Working with TextButton in Flutter (2021)

Last updated on August 13, 2021 A Goodman Loading... 4 comments

Buttons are an essential component of every Flutter web and mobile application. In this article, we are going to take a look at the TextButton class. You will learn how to implement text buttons, and how to disable them. We will also cover what we can do to style text buttons and some examples to have a better sense.

What is a TextButton

A TextButton widget is just a text label displayed on a zero elevation Material widget. By default, it doesn’t have visible borders and reacts to touches by filling with a background color.

TextButton is the replacement for FlatButton which used to be a very popular widget but now obsolete.

To get rid of annoying warnings or errors with TextButton, you should use Flutter 1.22.0 or newer.

TextButton Constructors

TextButton

TextButton({
  Key key, 
  @required VoidCallback onPressed, 
  VoidCallback onLongPress, 
  ButtonStyle style, 
  FocusNode focusNode, 
  bool autofocus: false, 
  Clip clipBehavior: Clip.none, 
  @required Widget child
})

Example:

TextButton(
            onPressed: () {},
            child: Text('Simple Button'),
          ),

Screen shot:

TextButton with icon

TextButton.icon({
  Key key, 
  @required VoidCallback onPressed, 
  VoidCallback onLongPress, 
  ButtonStyle style, 
  FocusNode focusNode, 
  bool autofocus, 
  Clip clipBehavior, 
  @required Widget icon, 
  @required Widget label
})

Example:

TextButton.icon(
            icon: Icon(Icons.camera),
            label: Text('Take A Photo'),
            onPressed: () {},
          )

Screen shot:

How to disable a TextButton

A disabled button is a button that doesn’t react to touch. To disable a text button, just set onPressed and onLongPress to null (onLongPress is null by default).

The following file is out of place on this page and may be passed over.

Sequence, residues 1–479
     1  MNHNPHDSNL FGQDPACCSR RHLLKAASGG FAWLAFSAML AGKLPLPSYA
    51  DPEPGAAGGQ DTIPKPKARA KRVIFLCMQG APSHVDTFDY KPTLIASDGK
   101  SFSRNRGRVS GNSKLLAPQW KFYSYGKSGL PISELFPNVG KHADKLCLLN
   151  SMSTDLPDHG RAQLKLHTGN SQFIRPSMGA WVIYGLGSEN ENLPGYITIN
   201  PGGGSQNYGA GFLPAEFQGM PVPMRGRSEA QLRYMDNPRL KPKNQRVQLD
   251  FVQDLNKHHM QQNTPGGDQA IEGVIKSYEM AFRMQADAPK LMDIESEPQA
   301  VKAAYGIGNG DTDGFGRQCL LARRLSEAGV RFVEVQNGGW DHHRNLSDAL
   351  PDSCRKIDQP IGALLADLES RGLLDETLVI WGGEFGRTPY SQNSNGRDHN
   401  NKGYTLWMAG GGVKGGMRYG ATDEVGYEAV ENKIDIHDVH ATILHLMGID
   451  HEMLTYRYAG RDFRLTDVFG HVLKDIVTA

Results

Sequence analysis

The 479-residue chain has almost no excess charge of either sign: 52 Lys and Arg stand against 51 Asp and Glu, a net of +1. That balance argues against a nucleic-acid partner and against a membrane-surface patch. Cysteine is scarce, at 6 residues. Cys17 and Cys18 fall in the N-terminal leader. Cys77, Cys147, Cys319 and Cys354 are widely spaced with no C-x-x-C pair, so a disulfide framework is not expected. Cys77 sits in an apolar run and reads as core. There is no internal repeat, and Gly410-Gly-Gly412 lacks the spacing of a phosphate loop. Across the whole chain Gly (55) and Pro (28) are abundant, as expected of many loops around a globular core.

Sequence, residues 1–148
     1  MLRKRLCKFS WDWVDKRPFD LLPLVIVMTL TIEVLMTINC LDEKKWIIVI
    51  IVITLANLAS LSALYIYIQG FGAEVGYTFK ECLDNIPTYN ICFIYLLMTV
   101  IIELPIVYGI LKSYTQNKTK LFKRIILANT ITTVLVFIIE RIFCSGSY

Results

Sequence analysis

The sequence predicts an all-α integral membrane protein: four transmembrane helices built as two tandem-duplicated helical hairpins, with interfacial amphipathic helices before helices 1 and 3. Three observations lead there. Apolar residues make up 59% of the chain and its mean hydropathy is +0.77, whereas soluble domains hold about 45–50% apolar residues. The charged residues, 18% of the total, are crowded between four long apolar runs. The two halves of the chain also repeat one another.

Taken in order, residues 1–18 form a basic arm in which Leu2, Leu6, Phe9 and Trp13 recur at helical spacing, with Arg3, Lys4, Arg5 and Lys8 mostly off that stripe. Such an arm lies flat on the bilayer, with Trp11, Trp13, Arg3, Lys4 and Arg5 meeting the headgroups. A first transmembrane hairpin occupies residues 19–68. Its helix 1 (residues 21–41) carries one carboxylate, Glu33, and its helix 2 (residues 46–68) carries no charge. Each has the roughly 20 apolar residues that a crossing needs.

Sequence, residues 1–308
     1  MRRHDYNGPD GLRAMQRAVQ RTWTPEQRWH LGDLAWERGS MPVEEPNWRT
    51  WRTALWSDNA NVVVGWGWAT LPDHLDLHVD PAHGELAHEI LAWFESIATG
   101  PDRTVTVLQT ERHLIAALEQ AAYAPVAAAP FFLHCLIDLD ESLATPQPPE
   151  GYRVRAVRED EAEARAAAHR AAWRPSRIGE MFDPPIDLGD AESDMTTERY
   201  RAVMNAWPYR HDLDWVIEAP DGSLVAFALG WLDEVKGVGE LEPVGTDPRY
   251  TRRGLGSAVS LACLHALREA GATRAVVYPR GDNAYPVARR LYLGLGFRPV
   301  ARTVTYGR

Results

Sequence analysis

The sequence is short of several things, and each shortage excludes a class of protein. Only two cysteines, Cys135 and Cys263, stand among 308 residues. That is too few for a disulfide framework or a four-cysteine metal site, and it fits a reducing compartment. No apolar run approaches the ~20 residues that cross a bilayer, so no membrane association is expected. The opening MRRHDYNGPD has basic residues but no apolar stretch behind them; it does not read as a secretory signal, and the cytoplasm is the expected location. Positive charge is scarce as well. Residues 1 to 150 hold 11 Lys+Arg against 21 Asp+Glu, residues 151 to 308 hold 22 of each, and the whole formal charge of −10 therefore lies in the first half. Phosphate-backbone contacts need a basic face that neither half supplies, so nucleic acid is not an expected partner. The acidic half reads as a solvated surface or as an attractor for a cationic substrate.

Example:

Column(
            children: [
              TextButton(
                onPressed: null,
                child: Text('Disabled Button'),
              ),
              TextButton(
                onPressed: () {},
                child: Text('Enabled Button'),
              ),
              TextButton.icon(
                  onPressed: null,
                  icon: Icon(Icons.room_rounded),
                  label: Text('Disabled Icon Button')),
              TextButton.icon(
                  onPressed: () {},
                  icon: Icon(Icons.room_rounded),
                  label: Text('Enabled Icon Button'))
            ],
          ),

Screen shot:

How to style a TextButton

You can style a text button by using the TextButton.styleFrom static method or using the ButtonStyle class. The first approach is more convenient than the second one.

Using TextButton.styleFrom

All of the available options:

styleFrom({
  Color? primary, 
  Color? onSurface, 
  Color? backgroundColor, 
  Color? shadowColor, 
  double? elevation, 
  TextStyle? textStyle, 
  EdgeInsetsGeometry? padding, 
  Size? minimumSize,